29 June 2010
Of the three species of wintergreen found in Britain, two can be found in West Glamorgan. One of them, Round-leaved Wintergreen (Pyrola rotundifolia), is a species of coastal dune slacks, growing with Creeping Willow (Salix repens). The other, Lesser Wintergreen (Pyrola minor), was once a less common plant in South Wales. In fact, until recently, it was only known from a very old record made by the famous botanist Joseph Hooker in 1846 from the head of the Neath Valley. In more recent times, Lesser Wintergreen has been discovered in the vicinity of conifer forest near Pembrey and then 12 years ago it was found in a remarkable area of willow scrub near the Amazon site at Jersey Marine. Two features that distinguished this willow scrub area were the occurrence of a very large population of Yellow Bird’s-nest (Monotropa hypopitys) and a high diversity of macroscopic fungi (toadstools). Sadly, most of this scrub was destroyed when the Amazon site was developed and none of the Yellow Bird’s-nest was saved, despite the fact that it is a UK BAP species. However a very small area of scrub was spared destruction and a population of Lesser Wintergreen survives there still (photograph above). More recent discoveries of Lesser Wintergreen in the vicinity of conifer plantation in the Neath Valley and at Whitford, suggest that this species may be increasing in the county.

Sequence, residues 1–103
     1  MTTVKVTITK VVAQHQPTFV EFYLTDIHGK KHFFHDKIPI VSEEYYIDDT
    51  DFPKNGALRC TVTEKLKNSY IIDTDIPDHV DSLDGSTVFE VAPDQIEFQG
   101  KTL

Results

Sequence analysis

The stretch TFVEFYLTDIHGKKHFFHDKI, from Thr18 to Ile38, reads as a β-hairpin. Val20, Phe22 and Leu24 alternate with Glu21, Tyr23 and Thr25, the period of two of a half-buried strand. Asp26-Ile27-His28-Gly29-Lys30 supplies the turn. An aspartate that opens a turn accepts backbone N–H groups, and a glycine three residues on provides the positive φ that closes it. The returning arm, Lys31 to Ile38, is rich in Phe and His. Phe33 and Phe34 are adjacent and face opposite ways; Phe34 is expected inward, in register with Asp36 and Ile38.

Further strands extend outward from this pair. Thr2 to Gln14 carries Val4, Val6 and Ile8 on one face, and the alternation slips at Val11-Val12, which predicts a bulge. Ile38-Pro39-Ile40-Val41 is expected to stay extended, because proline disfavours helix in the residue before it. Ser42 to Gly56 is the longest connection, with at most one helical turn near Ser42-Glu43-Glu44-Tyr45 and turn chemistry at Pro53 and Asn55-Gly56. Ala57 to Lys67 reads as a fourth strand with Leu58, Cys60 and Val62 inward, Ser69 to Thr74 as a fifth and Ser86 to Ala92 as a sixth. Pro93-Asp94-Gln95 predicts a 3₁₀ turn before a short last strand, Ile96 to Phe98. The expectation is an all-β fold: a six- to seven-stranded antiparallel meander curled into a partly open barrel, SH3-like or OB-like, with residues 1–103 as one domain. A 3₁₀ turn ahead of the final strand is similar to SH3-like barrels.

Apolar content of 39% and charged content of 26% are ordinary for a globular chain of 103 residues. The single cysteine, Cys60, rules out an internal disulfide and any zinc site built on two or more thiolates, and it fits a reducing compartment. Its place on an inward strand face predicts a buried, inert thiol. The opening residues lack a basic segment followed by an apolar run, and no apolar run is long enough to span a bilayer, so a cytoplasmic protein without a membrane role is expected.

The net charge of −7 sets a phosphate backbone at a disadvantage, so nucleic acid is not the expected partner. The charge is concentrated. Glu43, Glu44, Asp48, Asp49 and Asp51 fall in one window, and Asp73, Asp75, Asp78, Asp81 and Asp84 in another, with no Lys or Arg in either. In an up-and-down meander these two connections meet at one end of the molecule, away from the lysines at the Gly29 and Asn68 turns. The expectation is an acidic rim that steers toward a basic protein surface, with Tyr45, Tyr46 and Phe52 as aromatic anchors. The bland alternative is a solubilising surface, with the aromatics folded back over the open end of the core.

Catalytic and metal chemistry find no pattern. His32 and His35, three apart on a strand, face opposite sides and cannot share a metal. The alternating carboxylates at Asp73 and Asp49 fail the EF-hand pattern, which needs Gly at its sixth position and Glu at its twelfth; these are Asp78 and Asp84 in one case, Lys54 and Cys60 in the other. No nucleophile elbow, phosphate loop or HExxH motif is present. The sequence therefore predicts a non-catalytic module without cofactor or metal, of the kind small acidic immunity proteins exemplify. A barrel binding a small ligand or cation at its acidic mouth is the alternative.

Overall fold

The biology of Yellow Bird’s-nest and Lesser Wintergreen is fascinating. The roots of both form an intimate relationship with a fungus (e.g. Tricholoma species), which in turn forms a close relationship with a tree. In my experience, Lesser Wintergreen is often associated with willows, even when it appears to be associated with conifers. Furthermore, it seems to grow in places where the fungus, Tricholoma cingulatum, also occurs. This fungus (which is called the Girdled Knight) forms an ectomycorrhizal association with the roots of willows (including Creeping Willow) and, in my opinion, probably forms an association with the roots of Lesser Wintergreen too. When this happens, the wintergreen and the willow are connected by a fungal bridge, across which nutrients can pass from tree to wintergreen via the fungal mycelium. Something similar happens with Yellow Bird’s-nest too. In fact, for that species this is a form of parasitism that it is absolutely dependent on. Lastly, it is probably no coincidence that Round-leaved Wintergreen grows in association with Creeping Willow in dune slacks, where similar, shared mycorrhizal associations are possible.
Photo and text by Charles Hipkin.